At the 2020 Davos Economic Forum, scary WEF Advisor Yuval Harari warned of the three existential threats we should be concerned about: nuclear war, ecological collapse, and technological disruption. Though all of these remain looming threats to our existence on a global scale, there is another threat we should be concerned with, and that is global elitists like Harari himself.
In a recent interview with Chris Anderson, the head of Technology, Entertainment, Design (TED), Harari stated that “We just don’t need the vast majority of the population” because 21st-century advancements in modern technologies are rendering human labor economically and militarily “redundant.” Hmm.
Harari assessed what he called widespread contemporary disillusionment among “common people” (you, me, and all the people we know) as being rooted in fear of being “left behind” in a future run by “smart people.” These fears are justified, he added, given his projection that emerging advanced technologies will displace economic needs in many categories of existing work currently done by us petty humans. I am getting Matrix vibes.
“Once these algorithms know you better than you know yourself, they can control and manipulate you, and you won’t be able to do much about it. You will live in the matrix, or in The Truman Show.” – @harari_yuval pic.twitter.com/FZDH9f8Bjf— Yuval Noah Harari Quotes (@YuvalNoahQuotes) April 30, 2022
According to Harari, a lot of people in the early 21st century are starting to get a sense that they are being left behind and left out of the continuing story that seems to be moving toward technological advancement being their skill set, even if their current material conditions are still fairly decent. In the 20th century, the big heroes of every story were the common people. In the Soviet Union in the 1930s, life was beyond grim. Still, if you looked at the propaganda posters on the walls that depicted what a glorious future looked like, you would see posters that showed steel workers and farmers in heroic poses. These people represented a brighter future for these everyday folks to look forward to.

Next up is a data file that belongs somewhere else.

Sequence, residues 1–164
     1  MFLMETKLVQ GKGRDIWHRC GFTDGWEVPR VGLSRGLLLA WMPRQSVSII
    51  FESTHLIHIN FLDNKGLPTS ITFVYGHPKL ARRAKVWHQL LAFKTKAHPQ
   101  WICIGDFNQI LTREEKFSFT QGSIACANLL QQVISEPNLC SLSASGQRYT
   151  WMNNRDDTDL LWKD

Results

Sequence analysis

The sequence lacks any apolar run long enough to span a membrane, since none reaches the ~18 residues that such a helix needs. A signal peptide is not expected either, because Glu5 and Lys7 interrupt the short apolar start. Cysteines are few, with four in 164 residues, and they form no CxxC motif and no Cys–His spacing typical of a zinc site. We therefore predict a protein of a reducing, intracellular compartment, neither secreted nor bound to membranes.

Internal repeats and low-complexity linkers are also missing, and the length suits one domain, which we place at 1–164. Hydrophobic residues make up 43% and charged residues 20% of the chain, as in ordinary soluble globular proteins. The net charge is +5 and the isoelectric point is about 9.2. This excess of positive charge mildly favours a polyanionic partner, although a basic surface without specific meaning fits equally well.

Harari continued to say in his interview with Chris Anderson that when people now look at the posters on the walls or listen to TED talks podcasts, they hear a lot of these big ideas and big words about machine learning and genetic engineering and blockchain and globalization, and says that they “are not there.” He says they are no longer part of the story of the future. If he were to try to understand and connect to the deep alleged resentment of common people in many places around the world, “part of what might be going there is people realize — and they’re correct in thinking that — that, ‘The future doesn’t need me. You have all these smart people in California, New York, and Beijing. They are planning this amazing future with artificial intelligence and bio-engineering, global connectivity, and whatnot, and they don’t need me. Maybe if they are nice, they will throw some crumbs my way like universal basic income,’ but “it’s much worse psychologically to feel that you are useless than to feel that you are exploited.”
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So, in a nutshell, the vast majority of mankind are ignorant, technological Luddites and serve no purpose for the global vision of the future. This is quite a lot to digest but not surprising given that these global elitists have publicized that they support population control and will try to accomplish it by any means necessary.